In a subsequent episode of Top Gear (series 15, episode 1), a modified 1994 Reliant Robin was used by Jeremy Clarkson to drive 14 miles from Sheffield to Rotherham. He described driving it as dangerous as "inviting your mum 'round for an evening on chatroulette", and that the Robin "wasn't funny, it was a complete menace." During the segment, Clarkson rolled a specially side-weighted Robin at least six times. The following two episodes featured racing driver The Stig and Ken Block on their test track in Robins, and neither of them could finish a clean lap in the specially doctored Robin. Later on, Clarkson admitted that the Robin used in the show had the differential modified to allow "the poor little thing" to roll over easily. The car also had unequal sized wheels fitted creating an imbalance toward the driver's side.
- "The Regal is dead...long live the Robin". Motor. Vol. 3708. 3 November 1973. pp. 18–19.
- Ian Shepherd (24 February 1972). "Motor Exports and Imports Face boom Year - Reliant". Birmingham Daily Post. p. 12. Retrieved 2 March 2021 – via British Newspaper Archive.
- "Reliant". Uniquecarsandparts.com.au. 14 February 2001. Retrieved 5 February 2012.
- I've got last Del-Boy car, www.3wheelers.com Retrieved 21 April 2017
- The B1 category used to cover motor tricycles and quadricycles, weighing up to 550 kg (1,200 lb) unladen (see driving licence in the UK)
- "Bike categories, ages and licence requirements". GOV.UK. Driver and Vehicle Licensing Agency. Retrieved 12 March 2022.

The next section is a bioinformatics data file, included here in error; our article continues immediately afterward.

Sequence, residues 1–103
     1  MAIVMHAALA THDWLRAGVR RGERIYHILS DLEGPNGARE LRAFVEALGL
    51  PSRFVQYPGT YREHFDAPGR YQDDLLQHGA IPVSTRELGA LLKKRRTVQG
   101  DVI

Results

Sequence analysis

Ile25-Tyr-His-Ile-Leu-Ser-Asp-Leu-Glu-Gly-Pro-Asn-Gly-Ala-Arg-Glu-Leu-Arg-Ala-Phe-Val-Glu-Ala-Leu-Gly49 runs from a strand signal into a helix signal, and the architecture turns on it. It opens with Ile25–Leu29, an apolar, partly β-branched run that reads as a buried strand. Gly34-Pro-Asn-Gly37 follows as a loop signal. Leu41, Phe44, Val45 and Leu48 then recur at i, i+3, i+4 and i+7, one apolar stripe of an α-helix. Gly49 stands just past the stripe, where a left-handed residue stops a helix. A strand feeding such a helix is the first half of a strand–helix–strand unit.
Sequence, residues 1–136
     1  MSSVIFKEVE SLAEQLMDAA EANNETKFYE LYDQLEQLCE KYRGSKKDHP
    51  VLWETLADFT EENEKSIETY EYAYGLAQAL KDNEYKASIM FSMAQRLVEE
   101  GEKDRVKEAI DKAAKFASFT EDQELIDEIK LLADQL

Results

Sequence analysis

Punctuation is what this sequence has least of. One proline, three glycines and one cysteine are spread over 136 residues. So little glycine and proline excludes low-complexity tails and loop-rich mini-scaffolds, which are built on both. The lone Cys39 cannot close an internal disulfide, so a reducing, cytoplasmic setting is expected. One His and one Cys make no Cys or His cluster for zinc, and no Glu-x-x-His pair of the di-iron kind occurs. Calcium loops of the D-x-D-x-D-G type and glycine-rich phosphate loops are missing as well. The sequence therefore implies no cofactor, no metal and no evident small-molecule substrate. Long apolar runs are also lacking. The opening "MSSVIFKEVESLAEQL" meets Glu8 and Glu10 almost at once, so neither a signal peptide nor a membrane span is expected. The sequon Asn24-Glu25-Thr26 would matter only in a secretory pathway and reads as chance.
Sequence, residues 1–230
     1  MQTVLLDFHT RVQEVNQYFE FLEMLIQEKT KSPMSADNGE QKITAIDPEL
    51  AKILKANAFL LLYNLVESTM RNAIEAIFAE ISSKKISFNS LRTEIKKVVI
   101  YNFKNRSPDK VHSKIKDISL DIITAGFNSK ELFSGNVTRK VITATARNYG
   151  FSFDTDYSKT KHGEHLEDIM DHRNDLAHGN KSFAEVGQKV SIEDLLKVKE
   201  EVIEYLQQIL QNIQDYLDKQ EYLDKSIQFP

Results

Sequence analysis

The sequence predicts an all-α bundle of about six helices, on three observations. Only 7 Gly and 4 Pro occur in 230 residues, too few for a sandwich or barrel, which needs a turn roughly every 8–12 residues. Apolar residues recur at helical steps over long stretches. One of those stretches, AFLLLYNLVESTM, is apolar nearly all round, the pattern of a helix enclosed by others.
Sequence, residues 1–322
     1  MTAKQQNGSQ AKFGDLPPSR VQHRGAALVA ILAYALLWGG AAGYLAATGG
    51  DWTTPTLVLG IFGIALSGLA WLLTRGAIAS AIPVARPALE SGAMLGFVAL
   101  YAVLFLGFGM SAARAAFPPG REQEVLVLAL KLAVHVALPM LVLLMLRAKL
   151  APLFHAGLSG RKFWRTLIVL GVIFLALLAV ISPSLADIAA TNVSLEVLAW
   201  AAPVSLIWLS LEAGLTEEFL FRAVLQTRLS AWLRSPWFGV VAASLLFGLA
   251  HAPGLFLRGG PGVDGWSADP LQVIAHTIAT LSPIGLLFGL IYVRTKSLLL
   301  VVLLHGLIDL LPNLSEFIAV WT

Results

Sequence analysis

- "What is the law relating to three wheel vehicles?". Ask The Police. Police National Legal Database. Retrieved 12 March 2022.
- "Changes to the driving licence and categories". Driver and Vehicle Licensing Agency. 30 November 2012. Retrieved 28 December 2015.
- "Driving licence categories". Driver and Vehicle Licensing Agency. 19 October 2015. Retrieved 28 December 2015.
- "Robin Reliant – the car that doesn't exist". 3wheelers.com. Archived from the original on 30 May 2012. Retrieved 15 May 2012.
- Bennett, Alan (1989). The Lady in the Van. London Review of Books. ISBN 184765357X. Retrieved 28 December 2015.
- "qwizx.com". qwizx.com. Archived from the original on 25 August 2010. Retrieved 29 November 2010.
- "Tomber". disney.go.com. Retrieved 2 June 2011.
- "YouTube official video of 'She Makes Me'". Archived from the original on 22 December 2021. Retrieved 30 November 2018.
- "BBC – Top Gear – Episode Archive – Series 9 – Episode 4". Retrieved 21 February 2007.
- "Jeremy Clarkson Has Revealed Some Secrets Regarding Faked Scenes On 'Top Gear'". The Lad Bible. Retrieved 15 January 2016.[dead link]
- Clarkson, Jeremy. "The Clarkson Review: Reliant Robin". Driving. The Sunday Times. Retrieved 24 April 2017.
- "BBC Top Gear - and the infamous rolling Reliant Robin episode". The Reliant Motor Club. Retrieved 12 March 2022.
Media related to Reliant Robin at Wikimedia Commons